U.S. flag

An official website of the United States government, Department of Justice.

NCJRS Virtual Library

The Virtual Library houses over 235,000 criminal justice resources, including all known OJP works.
Click here to search the NCJRS Virtual Library

Value of In-Building Communications

NCJ Number
Law Enforcement Technology Volume: 37 Issue: 2 Dated: February 2010 Pages: 34,36,38
David Tuttle
Date Published
February 2010
4 pages
This article emphasizes the benefits and importance of an in-building wireless (IBW) capability in commercial buildings to allow for communication to the outside and within the building in emergencies.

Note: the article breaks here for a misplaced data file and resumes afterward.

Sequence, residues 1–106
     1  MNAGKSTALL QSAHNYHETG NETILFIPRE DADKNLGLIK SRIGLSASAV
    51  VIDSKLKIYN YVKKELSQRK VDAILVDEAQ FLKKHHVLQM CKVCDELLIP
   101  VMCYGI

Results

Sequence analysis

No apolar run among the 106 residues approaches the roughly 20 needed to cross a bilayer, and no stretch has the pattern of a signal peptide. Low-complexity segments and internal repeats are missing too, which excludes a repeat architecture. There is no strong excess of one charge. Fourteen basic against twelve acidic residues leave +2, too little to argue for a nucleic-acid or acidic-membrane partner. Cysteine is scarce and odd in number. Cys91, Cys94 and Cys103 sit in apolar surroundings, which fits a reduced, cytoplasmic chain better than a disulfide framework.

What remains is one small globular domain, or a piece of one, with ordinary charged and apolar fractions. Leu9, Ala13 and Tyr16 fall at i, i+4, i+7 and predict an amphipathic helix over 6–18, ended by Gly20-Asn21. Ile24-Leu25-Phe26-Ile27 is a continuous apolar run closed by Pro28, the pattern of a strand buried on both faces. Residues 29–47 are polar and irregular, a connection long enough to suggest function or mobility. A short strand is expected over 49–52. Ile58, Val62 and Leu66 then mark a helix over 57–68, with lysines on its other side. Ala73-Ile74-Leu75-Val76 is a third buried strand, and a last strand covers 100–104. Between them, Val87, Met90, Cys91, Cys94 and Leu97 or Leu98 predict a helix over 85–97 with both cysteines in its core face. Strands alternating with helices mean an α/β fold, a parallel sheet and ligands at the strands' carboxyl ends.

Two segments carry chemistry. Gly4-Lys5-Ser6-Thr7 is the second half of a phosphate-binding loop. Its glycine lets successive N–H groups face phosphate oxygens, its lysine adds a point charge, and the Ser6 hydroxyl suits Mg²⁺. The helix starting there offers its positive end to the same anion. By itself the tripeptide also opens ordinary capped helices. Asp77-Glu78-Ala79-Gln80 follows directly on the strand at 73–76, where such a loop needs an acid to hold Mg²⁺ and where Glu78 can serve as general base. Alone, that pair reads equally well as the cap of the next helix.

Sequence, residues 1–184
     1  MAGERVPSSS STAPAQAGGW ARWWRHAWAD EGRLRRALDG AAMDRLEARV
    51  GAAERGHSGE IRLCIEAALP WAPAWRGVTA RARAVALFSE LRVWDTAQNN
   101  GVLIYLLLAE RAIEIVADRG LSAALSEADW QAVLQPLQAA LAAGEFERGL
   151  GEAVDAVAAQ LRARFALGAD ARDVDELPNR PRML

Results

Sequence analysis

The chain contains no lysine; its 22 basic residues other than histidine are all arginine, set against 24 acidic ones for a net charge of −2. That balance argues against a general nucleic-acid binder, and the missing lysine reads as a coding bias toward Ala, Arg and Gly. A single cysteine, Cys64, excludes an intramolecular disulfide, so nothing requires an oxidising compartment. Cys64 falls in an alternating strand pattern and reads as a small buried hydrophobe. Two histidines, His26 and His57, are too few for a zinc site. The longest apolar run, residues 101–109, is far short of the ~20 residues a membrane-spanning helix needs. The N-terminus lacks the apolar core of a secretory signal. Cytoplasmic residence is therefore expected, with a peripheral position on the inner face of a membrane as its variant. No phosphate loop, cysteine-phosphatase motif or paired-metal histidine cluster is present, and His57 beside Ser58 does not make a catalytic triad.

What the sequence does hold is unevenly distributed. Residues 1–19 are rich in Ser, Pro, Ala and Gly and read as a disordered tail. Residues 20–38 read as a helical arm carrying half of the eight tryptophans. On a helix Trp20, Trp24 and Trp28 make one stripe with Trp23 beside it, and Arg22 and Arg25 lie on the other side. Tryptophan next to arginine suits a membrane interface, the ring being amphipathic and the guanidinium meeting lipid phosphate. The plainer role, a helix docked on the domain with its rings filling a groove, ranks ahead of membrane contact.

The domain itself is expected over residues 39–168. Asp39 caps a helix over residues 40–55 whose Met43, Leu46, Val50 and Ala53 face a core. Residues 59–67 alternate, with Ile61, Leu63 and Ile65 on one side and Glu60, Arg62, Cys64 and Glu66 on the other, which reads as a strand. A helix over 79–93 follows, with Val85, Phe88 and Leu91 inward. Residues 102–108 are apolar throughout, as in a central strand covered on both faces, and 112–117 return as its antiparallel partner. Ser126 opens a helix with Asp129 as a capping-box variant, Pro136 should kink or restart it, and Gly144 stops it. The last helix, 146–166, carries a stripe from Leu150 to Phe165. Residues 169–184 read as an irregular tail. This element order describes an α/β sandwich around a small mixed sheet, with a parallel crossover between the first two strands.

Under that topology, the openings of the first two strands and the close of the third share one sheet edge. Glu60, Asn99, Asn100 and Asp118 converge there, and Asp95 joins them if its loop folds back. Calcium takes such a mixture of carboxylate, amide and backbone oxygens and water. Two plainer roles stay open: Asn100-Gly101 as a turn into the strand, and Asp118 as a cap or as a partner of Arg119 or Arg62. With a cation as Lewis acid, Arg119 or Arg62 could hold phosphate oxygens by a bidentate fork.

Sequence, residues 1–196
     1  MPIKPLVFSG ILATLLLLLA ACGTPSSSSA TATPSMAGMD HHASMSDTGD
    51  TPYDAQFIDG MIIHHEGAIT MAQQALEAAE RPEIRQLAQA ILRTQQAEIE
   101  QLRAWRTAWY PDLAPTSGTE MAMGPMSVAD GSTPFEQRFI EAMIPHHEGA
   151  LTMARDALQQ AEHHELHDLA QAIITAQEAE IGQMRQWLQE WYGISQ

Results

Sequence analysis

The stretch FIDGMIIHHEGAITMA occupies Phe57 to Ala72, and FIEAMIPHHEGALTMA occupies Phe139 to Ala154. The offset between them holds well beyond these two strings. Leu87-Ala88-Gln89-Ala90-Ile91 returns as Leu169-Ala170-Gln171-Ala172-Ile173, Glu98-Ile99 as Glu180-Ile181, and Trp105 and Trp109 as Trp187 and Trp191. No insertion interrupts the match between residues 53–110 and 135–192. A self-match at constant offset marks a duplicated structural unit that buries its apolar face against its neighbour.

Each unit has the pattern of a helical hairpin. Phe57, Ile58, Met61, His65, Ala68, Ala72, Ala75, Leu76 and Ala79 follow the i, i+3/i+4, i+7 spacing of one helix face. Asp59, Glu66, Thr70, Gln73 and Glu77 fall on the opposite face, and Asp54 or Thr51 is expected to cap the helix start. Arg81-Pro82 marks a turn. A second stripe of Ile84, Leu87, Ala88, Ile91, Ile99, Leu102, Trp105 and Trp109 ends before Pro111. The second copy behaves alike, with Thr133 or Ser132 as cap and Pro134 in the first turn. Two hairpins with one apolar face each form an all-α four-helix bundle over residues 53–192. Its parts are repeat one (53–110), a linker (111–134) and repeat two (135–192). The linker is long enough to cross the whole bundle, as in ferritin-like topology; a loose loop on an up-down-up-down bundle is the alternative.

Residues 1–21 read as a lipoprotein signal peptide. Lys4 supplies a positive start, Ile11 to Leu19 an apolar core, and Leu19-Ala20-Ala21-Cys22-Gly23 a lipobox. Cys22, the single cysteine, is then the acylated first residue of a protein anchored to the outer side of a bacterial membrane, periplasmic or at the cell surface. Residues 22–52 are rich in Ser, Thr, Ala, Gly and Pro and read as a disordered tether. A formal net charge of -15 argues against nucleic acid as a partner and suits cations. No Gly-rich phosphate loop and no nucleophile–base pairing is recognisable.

Building codes and ordinances nationwide are increasingly containing standards that require all newly constructed commercial building to include radio coverage that provides for public safety signals within the building. With these ordinances in place, however, less than one-third of the Nation's first responders have capabilities to communicate from inside buildings to command and control posts outside, or the ability to integrate with the building's automation system in order to view video systems that show elevators, offices, stairways, etc. Thousands of law enforcement and public safety agencies nationwide have already obtained 4.9 GHz licenses that will facilitate in-building communications. These new broadband systems, when tied into the building automation systems, provide law enforcement officials and first responders with access to video from security cameras, as well as clear-two-way communications with individuals inside building areas difficult to reach. With these systems in place, officials can access pertinent information to help expedite and coordinate rescue plans during management of an emergency. In addition, mobile phones are now a primary means of communication; in emergencies, they must work indoors as well as outdoors. Reports by the IBW Association, however, indicate that real estate and public safety communities are challenged with providing full in-building coverage for mobile phones. The areas with the greatest need for coverage improvements include parking garages, elevators, and open areas. An IBW infrastructure leverages a distributed antenna system (DAS) for in-building cellular coverage. Using best practices for IBW should be conducted through partnerships with in-building wireless vendors. Properly designed IBW DAS provides a predictable coverage expectation for first responders. This article outlines the variables in design considerations.